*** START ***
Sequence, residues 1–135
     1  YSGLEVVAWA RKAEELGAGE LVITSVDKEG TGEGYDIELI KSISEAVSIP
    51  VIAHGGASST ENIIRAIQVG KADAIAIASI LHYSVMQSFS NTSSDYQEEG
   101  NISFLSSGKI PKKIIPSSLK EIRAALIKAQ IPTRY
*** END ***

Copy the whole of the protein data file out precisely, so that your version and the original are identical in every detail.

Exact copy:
Sequence, residues 1–135
     1  YSGLEVVAWA RKAEELGAGE LVITSVDKEG TGEGYDIELI KSISEAVSIP
    51  VIAHGGASST ENIIRAIQVG KADAIAIASI LHYSVMQSFS NTSSDYQEEG
   101  NISFLSSGKI PKKIIPSSLK EIRAALIKAQ IPTRY